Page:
You are here
Home > Cross Training > Endurance Hour: Clamshell Exercise

Endurance Hour: Clamshell Exercise

A study published in the Journal of Orthopedic and Sports Physical Therapy found that the clamshell exercise is one of the best for hip strengthening, to help with injury treatment and prevention. The clamshell exercise is often used in physical therapy to help with back pain and sciatica. It helps to reduce pain by strengthening the core and lower back muscles.

Over the years, there have been various workouts targeting the glutes, with the goal of lifting, tightening, and toning your lower half. What most people don’t realize that there are multiple muscles that make up your posterior, and all of them need to be worked in order build tone and strength.

The three key muscles of the butt are the gluteus maximus, gluteus medius, and gluteus minimus. While the gluteus maximus usually gets all the glory because it is the biggest of the buttock muscles and impressively the largest muscle in your entire body, the other gluteus muscles are just as important. If they are weak, then other muscles will eventually have to overcompensate, which can cause pain and injury.

The clamshell exercise can specifically help to strengthen the gluteus medius, which lays on the outer edge of the buttocks, and is the muscle responsible for stabilizing your pelvis. Clamshell exercises can help to balance the muscular effort between your inner and outer thighs and your pelvic floor. Creating balance in the leg and hip muscles helps to prevent overuse and injury. (Article Source)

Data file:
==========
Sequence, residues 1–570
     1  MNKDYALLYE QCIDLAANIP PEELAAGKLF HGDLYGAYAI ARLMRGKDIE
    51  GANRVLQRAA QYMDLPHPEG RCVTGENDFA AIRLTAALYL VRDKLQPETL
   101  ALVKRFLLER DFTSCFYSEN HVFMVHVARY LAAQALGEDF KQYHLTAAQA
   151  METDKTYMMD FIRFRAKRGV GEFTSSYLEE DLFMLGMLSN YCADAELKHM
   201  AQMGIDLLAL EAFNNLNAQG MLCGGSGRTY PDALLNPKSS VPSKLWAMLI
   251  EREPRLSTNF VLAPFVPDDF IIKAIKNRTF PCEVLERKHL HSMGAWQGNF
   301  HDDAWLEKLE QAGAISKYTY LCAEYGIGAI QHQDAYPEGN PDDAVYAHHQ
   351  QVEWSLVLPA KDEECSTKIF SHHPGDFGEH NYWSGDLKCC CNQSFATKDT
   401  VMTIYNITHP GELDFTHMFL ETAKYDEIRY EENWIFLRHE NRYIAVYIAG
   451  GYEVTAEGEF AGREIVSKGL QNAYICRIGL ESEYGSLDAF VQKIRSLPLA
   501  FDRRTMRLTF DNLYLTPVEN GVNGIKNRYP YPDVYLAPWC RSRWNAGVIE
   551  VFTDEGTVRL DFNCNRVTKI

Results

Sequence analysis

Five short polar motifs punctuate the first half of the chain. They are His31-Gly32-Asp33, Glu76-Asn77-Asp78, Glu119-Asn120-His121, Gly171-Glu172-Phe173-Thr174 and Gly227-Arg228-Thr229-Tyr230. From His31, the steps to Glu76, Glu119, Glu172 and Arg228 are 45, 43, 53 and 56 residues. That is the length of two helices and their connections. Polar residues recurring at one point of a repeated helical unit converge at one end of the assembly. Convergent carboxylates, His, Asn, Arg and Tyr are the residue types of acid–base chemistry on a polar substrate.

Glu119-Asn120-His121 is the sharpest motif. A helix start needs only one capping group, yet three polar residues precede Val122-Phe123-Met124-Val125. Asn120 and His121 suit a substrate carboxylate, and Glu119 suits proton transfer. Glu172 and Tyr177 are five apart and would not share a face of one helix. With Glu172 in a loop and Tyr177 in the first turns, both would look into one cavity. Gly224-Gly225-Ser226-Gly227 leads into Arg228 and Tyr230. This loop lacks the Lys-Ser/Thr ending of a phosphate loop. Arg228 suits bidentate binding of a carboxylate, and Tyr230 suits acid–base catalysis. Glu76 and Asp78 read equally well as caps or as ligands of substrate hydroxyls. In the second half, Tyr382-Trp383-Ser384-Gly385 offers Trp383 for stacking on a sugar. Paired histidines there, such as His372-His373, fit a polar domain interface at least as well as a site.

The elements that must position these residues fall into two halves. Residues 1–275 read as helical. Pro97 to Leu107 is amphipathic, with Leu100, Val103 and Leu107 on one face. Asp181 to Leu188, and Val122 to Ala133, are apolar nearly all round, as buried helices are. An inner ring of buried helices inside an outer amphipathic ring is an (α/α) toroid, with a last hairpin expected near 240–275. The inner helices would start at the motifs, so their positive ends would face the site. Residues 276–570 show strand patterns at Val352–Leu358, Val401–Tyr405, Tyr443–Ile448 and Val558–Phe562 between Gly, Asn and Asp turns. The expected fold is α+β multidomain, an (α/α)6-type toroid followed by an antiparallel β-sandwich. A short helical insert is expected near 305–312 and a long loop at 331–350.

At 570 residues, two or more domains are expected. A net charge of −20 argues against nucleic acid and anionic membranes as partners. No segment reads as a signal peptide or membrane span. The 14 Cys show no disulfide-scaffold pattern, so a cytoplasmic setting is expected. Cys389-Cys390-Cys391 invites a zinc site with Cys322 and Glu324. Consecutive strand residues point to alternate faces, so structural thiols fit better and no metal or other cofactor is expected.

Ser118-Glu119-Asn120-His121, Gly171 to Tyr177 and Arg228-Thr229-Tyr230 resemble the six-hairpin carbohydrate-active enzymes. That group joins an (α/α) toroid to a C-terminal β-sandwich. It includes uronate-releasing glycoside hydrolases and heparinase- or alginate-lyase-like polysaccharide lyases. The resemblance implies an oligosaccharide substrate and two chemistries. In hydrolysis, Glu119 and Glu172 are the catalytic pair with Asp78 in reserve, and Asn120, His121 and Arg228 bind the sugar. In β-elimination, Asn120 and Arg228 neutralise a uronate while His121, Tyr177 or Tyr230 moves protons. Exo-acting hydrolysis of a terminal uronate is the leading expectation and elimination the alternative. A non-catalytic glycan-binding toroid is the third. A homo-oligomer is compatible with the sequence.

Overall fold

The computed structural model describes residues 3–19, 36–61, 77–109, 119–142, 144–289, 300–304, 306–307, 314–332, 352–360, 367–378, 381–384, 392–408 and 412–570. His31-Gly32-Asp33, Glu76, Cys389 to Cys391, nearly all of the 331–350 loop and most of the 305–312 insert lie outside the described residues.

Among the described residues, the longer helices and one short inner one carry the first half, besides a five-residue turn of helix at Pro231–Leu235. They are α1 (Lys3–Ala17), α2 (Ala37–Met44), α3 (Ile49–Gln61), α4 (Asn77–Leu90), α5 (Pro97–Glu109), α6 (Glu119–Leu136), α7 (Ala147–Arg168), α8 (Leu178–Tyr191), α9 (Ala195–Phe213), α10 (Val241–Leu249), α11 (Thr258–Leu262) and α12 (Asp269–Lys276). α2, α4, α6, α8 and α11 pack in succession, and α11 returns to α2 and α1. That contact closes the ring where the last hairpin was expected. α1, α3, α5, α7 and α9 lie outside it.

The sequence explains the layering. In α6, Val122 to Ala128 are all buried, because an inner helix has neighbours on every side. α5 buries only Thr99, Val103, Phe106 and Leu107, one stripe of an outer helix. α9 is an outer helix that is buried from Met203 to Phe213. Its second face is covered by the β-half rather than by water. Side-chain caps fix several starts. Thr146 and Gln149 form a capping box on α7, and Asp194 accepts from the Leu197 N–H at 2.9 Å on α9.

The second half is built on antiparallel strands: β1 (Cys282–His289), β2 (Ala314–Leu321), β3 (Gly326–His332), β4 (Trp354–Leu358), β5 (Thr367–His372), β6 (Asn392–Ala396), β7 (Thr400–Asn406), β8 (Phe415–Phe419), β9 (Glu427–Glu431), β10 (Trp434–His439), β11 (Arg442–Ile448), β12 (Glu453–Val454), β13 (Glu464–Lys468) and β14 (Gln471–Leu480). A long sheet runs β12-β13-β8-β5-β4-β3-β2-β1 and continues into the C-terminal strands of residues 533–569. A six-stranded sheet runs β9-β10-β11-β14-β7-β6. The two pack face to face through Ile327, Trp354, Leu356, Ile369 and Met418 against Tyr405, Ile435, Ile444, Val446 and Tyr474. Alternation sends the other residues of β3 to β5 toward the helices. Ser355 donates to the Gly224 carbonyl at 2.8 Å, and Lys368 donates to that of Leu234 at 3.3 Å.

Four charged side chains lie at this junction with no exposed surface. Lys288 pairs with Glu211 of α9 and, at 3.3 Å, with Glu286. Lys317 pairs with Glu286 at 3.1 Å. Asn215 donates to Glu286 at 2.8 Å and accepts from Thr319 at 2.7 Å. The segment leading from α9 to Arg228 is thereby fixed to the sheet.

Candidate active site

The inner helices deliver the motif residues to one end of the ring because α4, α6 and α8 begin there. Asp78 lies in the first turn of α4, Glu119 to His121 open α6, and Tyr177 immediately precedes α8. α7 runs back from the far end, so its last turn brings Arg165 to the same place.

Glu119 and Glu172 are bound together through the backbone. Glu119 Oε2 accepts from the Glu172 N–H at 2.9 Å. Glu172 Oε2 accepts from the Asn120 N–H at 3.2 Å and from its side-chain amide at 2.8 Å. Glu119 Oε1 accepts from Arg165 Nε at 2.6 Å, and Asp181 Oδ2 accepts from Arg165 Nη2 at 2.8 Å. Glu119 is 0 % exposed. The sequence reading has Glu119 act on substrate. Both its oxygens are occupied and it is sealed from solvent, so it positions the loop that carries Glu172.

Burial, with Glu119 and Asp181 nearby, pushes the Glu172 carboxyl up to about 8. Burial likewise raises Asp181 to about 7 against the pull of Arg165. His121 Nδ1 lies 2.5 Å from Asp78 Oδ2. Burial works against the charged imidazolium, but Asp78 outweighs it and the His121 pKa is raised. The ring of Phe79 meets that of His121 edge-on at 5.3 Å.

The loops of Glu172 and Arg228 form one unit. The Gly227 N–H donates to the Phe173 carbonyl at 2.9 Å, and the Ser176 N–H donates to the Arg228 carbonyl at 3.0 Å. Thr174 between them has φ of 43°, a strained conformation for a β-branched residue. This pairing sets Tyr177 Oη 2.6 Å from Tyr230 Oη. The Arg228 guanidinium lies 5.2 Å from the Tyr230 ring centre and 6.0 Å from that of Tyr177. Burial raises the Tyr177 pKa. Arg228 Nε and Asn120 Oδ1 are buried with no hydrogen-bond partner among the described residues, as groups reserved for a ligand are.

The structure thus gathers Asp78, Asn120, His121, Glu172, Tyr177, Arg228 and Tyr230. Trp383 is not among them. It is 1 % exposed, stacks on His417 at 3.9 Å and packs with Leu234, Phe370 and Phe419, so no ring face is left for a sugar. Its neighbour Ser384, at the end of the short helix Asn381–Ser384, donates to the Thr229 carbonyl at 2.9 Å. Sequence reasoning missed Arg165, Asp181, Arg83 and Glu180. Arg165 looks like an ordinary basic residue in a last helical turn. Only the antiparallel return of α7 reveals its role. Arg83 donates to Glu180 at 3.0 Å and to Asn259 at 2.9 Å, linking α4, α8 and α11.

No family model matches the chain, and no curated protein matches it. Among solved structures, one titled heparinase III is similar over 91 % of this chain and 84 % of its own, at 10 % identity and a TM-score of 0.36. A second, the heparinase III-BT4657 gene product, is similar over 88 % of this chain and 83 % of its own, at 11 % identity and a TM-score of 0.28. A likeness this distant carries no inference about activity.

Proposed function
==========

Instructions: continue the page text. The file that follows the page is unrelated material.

How to Do a Basic Clamshell Exercise with Proper Form:

1) Lie on your side, with legs stacked and knees bent at a 45-degree angle.

2) Rest your head on your lower arm, and use your top arm to steady your frame. Be sure that your hipbones are stacked on top of one another, as there is a tendency for the top hip to rock backward.

3) Engage your abdominals by pulling your belly button in, as this will help to stabilize your spine and pelvis.

4) Keeping your feet touching, raise your upper knee as high as you can without shifting your hips or pelvis. Don’t move your lower leg off the floor.

5) Pause, and then return your upper leg to the starting position on the ground. Do 20 reps on each side.

See More Cross Training and Strength Workout Video – Click Here

Join t2Endurance (Private) on Facebook

The t2Endurance Club on Facebook is a PRIVATE page for our athletes. It's dedicated to discussing all things endurance sports with an emphasis on community and support!

Every week, Coach Wendy & Dave will join the conversation with additional advice and feedback PLUS special health and fitness challenges!

Enter your email below for directions. We're looking forward to seeing on the inside!

Powered by ConvertKit
dave
Dave Erickson is a Multimedia Producer, 5x Ironman Triathlon Finisher, Freelance Reporter, Videographer, Podcaster and Host. Before the Endurance Hour, Dave spent 15 years working as a TV News Anchor and Reporter with international assignments in Iraq, Haiti, Canada, Mexico and Panama. Dave graduated from Washington State University with a degree in Social Sciences.

Similar Articles

Leave a Reply

Top